University Forced To Apologize After Telling Students Jacob Blake Died, Continues To Offer Safe Spaces To ‘Process Rittenhouse Verdict’

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Chrissy Clark Contributor
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The Diversity Center at a public Massachusetts university apologized to students for falsely claiming that Jacob Blake, the man who was shot by police in Kenosha, Wisconsin, died and is offering safe spaces for students after the Kyle Rittenhouse verdict.

Fitchburg State University’s Diversity Center sent the email following the verdict in the Kyle Rittenhouse trial announcing that the school would offer race-based safe spaces for students and faculty. The email claimed that Rittenhouse “shot and killed two people protesting the wrongful death of Jacob Blake in 2020.”

“Kyle was acquitted of all charges in the case after driving to Wisconsin with an automatic rifle,” the email read. It went on to say that the verdict “will undoubtedly impact many in our community,” so the university created safe spaces for students to discuss their “thoughts, emotions, and reflections.”

Matthew Bruun, a spokesman for Fitchburg State University, told the Daily Caller that the error was made in the “haste” of spreading the information as quickly as possible.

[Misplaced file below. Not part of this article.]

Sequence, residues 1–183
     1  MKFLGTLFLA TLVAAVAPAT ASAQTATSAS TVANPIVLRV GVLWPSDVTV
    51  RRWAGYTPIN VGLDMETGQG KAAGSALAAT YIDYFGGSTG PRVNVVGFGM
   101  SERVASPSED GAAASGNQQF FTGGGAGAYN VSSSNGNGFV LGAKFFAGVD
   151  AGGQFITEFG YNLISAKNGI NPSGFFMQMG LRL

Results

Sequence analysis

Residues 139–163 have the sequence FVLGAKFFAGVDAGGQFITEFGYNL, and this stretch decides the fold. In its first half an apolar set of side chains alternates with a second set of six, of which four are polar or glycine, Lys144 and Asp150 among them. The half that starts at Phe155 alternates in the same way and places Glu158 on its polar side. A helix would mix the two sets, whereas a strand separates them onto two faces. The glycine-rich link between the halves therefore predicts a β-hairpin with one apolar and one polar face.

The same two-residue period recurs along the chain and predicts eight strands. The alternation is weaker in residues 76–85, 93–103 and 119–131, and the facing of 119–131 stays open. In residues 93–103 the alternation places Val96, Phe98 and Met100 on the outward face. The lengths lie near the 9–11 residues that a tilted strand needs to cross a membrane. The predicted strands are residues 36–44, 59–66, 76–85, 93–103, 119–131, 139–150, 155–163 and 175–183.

“Following the verdict on Friday afternoon, our Center for Diversity and Inclusiveness heard from several students looking for space to discuss the case, as well as broader issues related to race and justice,” Brunn said. “In the haste of creating these events, some factual errors were included in the original communication … The intention of the communication was to inform our community as quickly as possible of the optionally available space given the holiday break.”

The safe spaces offered to students and faculty include “Student of Color Processing Space,” “White Student Ally Processing Space,” “Faculty and Staff of Color Processing Space,” and “White Faculty and Staff Ally Processing Space.” (RELATED: Manhattan School Plans To Divide Students By Race During Social Justice Discussions)

Bruun told the Daily Caller the “university’s intention” is to “hold a combined session for any and all campus community members who wish to gather and reflect on these events.”

The university is defending its choice to hold race-based safe spaces, though such affinity groups have led to lawsuits in the past.

“Organizing such discussion by identity groups is a proven educational strategy, and reflects the reality that different community members may process such events differently, and may feel more comfortable sharing their feelings with community members of similar background and identity,” Bruun said.